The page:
Amy DeGise and ‘The Foibles of Human Nature’

NEWARK – Call it the “foibles of human nature.”

Minutes after Amy DeGise pleaded guilty Tuesday to striking a biker with her SUV and leaving the scene without stopping, her lawyer, Brian Neary, tried to explain what DeGise did not explain in court.

Why did she not stop after hitting biker Andrew Black with her SUV in Jersey City last summer?

Neary really didn’t have a good explanation as he faced a team of reporters outside the Essex County Courthouse. He cited the above mentioned “foibles of human nature” and speculated that she could have panicked.

Neary.

 

DeGise was fined $5,000 and had her license suspended for one year. The good news for DeGise is that she avoided jail time.

In court before Judge Chandra Cole, Neary stressed that DeGise voluntarily reported the accident to police six hours later. He said it wasn’t as if authorities had to track her down.

But that really wasn’t the point. Leaving the scene is leaving the scene. The time it takes to eventually report the accident can be immaterial.

Neary stressed more than once that this was a traffic offense and not a crime. That could be, but given DeGise’s political status, it really wasn’t your run-of-the-mill mishap on the street. DeGise is a Jersey City councilwoman and before that, she chaired the Hudson County Democratic Committee, one of the more powerful political groups in the state. She is also the daughter of Tom DeGise, the Hudson County executive.

As befits her ranking in the world of politics, while DeGise and her father were in the courthouse

Essex County Executive Joe DiVincenzo.
Essex County Executive Joe DiVincenzo.

cafeteria before the hearing, Joe DiVincenzo, the Essex County executive, strolled by to say hello.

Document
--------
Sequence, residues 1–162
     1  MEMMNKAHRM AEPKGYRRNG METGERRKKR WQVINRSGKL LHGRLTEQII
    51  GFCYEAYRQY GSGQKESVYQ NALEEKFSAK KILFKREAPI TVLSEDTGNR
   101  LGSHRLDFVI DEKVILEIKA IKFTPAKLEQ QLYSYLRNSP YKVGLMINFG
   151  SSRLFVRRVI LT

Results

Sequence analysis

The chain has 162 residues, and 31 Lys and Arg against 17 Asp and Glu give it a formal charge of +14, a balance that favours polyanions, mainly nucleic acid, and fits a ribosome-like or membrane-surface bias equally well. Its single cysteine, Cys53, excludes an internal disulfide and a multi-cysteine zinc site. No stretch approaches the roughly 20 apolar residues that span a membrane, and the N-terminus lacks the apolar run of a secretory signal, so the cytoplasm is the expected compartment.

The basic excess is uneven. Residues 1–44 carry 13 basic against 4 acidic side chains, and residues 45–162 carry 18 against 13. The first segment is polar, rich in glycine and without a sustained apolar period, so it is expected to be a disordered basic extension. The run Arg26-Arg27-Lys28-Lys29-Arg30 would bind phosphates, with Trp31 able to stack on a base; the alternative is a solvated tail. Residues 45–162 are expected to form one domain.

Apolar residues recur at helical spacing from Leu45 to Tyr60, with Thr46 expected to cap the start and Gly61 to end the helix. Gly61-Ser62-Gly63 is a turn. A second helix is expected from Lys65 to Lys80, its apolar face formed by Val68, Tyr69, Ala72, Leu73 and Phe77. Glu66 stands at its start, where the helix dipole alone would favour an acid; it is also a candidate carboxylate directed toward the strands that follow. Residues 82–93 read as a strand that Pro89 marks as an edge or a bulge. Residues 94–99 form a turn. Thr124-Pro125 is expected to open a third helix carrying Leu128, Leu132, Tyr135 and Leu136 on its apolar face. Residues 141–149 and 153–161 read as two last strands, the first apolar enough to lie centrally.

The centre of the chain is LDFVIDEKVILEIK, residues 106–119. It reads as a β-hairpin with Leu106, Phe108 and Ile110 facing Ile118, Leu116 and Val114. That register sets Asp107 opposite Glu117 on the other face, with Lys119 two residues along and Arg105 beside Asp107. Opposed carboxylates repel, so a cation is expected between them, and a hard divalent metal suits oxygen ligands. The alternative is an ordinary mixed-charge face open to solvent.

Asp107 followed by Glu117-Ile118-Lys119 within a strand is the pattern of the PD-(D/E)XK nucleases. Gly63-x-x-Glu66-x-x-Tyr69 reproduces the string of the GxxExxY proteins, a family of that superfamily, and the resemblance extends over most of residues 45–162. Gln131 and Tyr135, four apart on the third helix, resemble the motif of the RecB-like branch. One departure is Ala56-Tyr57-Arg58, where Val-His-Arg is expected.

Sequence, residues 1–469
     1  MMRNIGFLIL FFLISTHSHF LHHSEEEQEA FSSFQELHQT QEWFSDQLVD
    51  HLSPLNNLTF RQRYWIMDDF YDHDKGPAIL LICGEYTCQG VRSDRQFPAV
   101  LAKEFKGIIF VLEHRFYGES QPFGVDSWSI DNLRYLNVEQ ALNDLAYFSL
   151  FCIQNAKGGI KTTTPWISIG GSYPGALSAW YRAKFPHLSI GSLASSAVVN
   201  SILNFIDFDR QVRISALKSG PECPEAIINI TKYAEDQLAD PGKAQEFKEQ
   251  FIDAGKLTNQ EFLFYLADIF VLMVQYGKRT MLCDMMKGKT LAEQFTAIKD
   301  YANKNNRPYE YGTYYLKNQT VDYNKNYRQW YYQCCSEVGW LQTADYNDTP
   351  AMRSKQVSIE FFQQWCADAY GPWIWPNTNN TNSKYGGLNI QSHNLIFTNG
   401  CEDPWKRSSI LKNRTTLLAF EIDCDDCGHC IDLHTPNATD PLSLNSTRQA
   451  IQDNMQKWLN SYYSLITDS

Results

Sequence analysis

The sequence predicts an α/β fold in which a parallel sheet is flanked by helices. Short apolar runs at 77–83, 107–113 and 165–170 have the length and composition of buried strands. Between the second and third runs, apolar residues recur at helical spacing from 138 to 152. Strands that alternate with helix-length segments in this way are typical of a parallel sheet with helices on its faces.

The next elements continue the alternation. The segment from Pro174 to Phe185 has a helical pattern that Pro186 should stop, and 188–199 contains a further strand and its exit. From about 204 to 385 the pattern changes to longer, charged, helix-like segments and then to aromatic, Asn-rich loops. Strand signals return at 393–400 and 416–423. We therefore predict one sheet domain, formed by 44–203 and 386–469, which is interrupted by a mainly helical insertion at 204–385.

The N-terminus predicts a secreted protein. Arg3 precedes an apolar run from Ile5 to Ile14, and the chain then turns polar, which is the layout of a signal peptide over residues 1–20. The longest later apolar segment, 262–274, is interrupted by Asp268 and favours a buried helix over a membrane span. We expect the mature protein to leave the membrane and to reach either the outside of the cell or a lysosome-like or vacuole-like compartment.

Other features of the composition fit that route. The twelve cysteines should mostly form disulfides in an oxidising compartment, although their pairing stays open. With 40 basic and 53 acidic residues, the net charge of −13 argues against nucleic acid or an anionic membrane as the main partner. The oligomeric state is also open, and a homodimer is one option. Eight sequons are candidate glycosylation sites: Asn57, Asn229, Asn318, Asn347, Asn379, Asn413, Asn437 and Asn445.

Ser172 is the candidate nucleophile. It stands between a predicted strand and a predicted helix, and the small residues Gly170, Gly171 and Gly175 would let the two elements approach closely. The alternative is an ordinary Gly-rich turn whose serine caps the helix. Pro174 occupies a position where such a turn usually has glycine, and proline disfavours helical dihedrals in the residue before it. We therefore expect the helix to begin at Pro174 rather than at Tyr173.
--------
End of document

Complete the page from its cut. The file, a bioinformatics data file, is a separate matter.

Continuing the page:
Fair or not, DeGise’s status pushed her transgressions into the public domain.

This aspect of the case may be over, but the episode is not.

As Neary addressed the press, two men stood nearby with a banner reading “Amy DeGise Must Go.”

One of them, Kevin Bing, said DeGise is unfit to serve and should resign her seat. Back in August, an overflow crowd converged on the Jersey City council with most demanding her resignation. She refused and apparently is trying to weather the storm. Her term still has almost three years to go.

Amid calls for her to resign, Neary revealed today that Black has filed notice that he intends to sue Jersey City. Such notices tell a city a suit is possible and are also designed to force the defendant to settle the matter before litigation commences.

As for today’s proceedings, the assistant prosecutor handling the case said little besides reciting the terms of the plea agreement – a $5,000 fine, one year license suspension and no jail time. A charge of failing to promptly report the accident was dismissed.

Neary stressed DeGise’s record of serving the public, both as an elected official and a volunteer.

He acknowledged what has surfaced since the bike crash – DeGise has a history of getting. but not always paying parking tickets.

Neary argued that getting parking tickets in congested Hudson County is an “occupational hazard,” but he conceded that you are supposed to pay them.

In pleading guilty, DeGise admitted she knew she had struck the biker at around 8 a.m. last July 19 and consciously kept on going. She did not explain why.

The judge asked, “What if?” She meant “what if” the biker had been seriously injured; he was not.

Answering her own question, Judge Cole said that would have made this a more serious situation.

Neary asked for a fine of $2,500, but the judge went with $5,000.

Jersey City Mayor Steve Fulop.

When the DeGise incident occurred, many ranking members of the county’s political class – including Jersey City Mayor Steven Fulop – said they would reserve judgment pending the legal outcome. That outcome has now arrived, so it will be interesting to see who comments and what they have to say.

At one point in court, Neary was quite the optimist, saying DeGise has learned a tough lesson and that the ordeal will make her a better public servant.

As for a more basic query about how the councilwoman would get around the city she represents for the next year, Neary replied that’s why Uber exists.

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